Thursday, 22 September 2011
This evening I would like to speak about the work of the LBW Trust. Anyone with a cursory knowledge of cricket knows that LBW stands for leg before wicket. While the LBW Trust has been established by cricket lovers and is doing great work in cricket-playing developing countries, as far as the LBW Trust is concerned the letters LBW stand for Learning for a Better World. The LBW Trust was established in 2006. Its mission statement says:
Our aim is to assist poor students from cricket-playing countries to complete their tertiary education. Our hope is that these young men and women will play their part in the upliftment of their countries.
Many international cricketers who have toured the subcontinent or Africa have become aware of and concerned about the more limited educational opportunities that students from nations such as India, Pakistan and Zimbabwe have. And we are all aware of the importance of education in achieving positive change in the lives of individuals and communities.
It was John F. Kennedy who said:
Our progress as a nation can be no swifter than our progress in education. … The human mind is our fundamental resource.
The LBW Trust believes education is the way to a better future, not just for the young people the trust sponsors but also for their families and the communities that they live in. The trust plays its part by supporting students in developing countries who otherwise would not have the opportunity of receiving tertiary education. It is worthy of note that the LBW Trust is unusual in that it has no operating expenses or overheads whatsoever; it is run entirely by volunteers, and the money it raises goes directly to help educate the students it supports.
The trust is currently supporting 261 students, and it acts in partnership with local NGOs in those countries where it operates: Uganda, India, Pakistan and South Africa. Students supported by the trust study everything from bricklaying and motor mechanics to teaching, nursing and the law. LBW Trust supported students in South Africa come mainly from Zimbabwe. There are many success stories to tell, including one student who is now doing postgraduate work in Canada. A number of LBW students have returned to work in Zimbabwe. One is starting a small farm, another is working in cricket and yet another is involved in a chicken business. Currently, the LBW Trust has scholars at Durham University and Oklahoma university, and two of its students have qualified as lawyers.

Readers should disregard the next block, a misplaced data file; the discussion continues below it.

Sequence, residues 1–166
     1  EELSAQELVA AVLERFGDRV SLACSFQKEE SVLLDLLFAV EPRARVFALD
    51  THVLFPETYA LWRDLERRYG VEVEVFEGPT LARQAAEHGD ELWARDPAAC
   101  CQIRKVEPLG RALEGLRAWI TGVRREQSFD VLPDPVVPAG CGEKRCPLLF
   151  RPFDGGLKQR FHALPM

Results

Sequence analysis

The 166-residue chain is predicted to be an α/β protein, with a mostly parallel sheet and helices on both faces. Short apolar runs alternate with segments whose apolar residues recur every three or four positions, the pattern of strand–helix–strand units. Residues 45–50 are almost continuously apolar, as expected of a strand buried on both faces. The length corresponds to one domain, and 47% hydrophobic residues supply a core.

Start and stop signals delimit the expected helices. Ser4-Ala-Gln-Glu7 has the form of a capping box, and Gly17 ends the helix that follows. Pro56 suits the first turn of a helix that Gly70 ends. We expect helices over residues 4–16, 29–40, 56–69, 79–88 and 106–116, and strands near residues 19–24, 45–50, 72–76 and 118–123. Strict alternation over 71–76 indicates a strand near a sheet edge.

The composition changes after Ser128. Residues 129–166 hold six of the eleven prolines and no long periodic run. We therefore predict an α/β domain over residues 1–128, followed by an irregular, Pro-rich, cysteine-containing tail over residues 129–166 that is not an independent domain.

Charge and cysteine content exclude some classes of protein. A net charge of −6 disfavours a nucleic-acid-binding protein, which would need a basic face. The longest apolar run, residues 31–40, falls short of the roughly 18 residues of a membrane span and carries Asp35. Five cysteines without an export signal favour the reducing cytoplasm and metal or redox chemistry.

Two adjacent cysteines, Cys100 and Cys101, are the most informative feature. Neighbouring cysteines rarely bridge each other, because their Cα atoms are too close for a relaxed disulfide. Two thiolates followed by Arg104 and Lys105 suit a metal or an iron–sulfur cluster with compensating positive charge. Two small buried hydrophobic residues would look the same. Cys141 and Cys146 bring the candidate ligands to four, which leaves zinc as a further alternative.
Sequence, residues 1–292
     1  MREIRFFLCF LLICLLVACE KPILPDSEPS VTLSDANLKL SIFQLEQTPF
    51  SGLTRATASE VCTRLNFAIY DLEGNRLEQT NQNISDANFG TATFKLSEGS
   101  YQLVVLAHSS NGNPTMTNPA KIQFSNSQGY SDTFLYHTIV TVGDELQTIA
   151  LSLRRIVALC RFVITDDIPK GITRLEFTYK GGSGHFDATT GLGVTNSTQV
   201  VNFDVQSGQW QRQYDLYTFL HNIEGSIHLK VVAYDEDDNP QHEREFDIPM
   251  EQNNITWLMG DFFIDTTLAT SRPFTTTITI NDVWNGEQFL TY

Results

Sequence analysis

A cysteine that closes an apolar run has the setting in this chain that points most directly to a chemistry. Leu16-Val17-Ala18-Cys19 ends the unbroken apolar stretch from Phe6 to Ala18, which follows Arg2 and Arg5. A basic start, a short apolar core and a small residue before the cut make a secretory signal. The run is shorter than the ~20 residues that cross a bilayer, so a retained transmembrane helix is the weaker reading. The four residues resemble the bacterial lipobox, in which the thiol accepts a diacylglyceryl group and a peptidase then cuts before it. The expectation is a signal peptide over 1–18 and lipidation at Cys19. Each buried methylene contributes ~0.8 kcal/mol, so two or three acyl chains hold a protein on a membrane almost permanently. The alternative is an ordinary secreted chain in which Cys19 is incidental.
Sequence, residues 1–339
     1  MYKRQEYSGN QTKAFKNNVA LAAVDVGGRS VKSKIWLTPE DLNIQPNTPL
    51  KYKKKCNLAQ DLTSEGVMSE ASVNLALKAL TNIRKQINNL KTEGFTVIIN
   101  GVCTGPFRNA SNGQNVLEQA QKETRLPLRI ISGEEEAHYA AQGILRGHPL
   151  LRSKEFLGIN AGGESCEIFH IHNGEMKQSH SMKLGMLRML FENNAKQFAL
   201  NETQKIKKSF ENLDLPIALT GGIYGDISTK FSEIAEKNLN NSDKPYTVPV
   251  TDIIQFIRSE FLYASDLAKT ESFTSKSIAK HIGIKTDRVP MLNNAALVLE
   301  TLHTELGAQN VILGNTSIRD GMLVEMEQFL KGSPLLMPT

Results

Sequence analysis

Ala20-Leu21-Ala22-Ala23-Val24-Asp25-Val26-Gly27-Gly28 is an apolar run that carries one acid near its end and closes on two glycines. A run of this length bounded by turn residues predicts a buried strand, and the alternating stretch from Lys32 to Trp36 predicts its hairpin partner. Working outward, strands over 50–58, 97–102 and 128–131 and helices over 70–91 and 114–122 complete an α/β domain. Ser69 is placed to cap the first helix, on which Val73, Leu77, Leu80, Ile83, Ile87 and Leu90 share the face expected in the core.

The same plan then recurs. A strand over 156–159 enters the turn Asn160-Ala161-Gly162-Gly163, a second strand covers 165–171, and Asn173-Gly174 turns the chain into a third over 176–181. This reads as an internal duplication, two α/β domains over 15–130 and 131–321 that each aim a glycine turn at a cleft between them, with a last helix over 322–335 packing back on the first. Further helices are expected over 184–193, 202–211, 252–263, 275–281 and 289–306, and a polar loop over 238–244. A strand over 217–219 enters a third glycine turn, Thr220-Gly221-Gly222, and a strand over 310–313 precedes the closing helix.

In Pakistan, the trust is assisting the students of Namal College—set up by Pakistani cricketing great Imran Khan—where particular emphasis is given to supporting the tertiary education of girls. The LBW Trust has also collaborated with the Sustainable Peace and Development Organisation, known to some as SPADO, to further the education in Peshawar of five young women who come from the troubled Swat valley in Pakistan. In Pakistan, the LBW Trust is helping to educate, in total, over 25 students—most of them girls.
In Uganda, the trust is working with an impressive Australian based NGO called One Village, set up by a young woman from Adelaide called Nikki Lovell. There it is helping to educate 25 young men and women. In India, the LBW Trust has about 150 students, a majority of them girls, and it is working through two NGOs: Prerana Nurture Merit and the Vikash Educational and Charitable Trust. These students come from desperately poor family backgrounds, and an education is essential for them to have any real chance of building a better life.
The trust's board boasts an impressive batting order of corporate players, major accounting firm partners, solicitors, journalists, trainers and farmers. They include Malcolm Alder, Tom Bowes, Mike Coward, Ron Holmes, Harley Medcalf, Kelsey Munro, Lyn O'Brien, Peter Strain, David Vaux and the indefatigable chairman of the trust, Mr Darshak Mehta, who has been such a driving force behind its work.
The patrons of the organisation also have a few runs on the board. Three of the trust's patrons have 25,455 test match runs between them: the former Australian captains Greg Chappell and Adam Gilchrist, and the current Indian test batsman Rahul Dravid—the second highest run scorer in test cricket history. Other patrons include Sir William Deane, Malcolm Fraser, General Peter Cosgrove, Ian MacFarlane, Rodney Cavalier, Basil Sellers, Malcolm Speed and Maurice Newman. I am a former director of the trust but I too now have the honour of serving as a patron.
It is important also to acknowledge that, at annual dinners and other LBW Trust events, a number of noted Australian and international cricket captains have volunteered their time and support: Ian Chappell, Greg Chappell, Steve Waugh, Bill Lawry, Adam Gilchrist, David Gower, Sir Ian Botham and Sir Richard Hadlee. Theirs has been a most generous and important contribution to the work of the LBW Trust.
Cricket is a game played by rich nations and poor nations. It is a game where kids from Indian slums or Caribbean ghettos can play alongside against those from immeasurably more privileged backgrounds, those who have had all of the advantages and opportunities we in Australia sometimes take for granted. Through the work of the LBW Trust, Australians, and particularly Australian cricket lovers, can play their part in helping others in much less fortunate circumstances achieve their potential. Tonight, I want to take the opportunity to congratulate all those who have worked so hard to establish the LBW Trust, who have been so committed to seeing its important work around the world become a reality.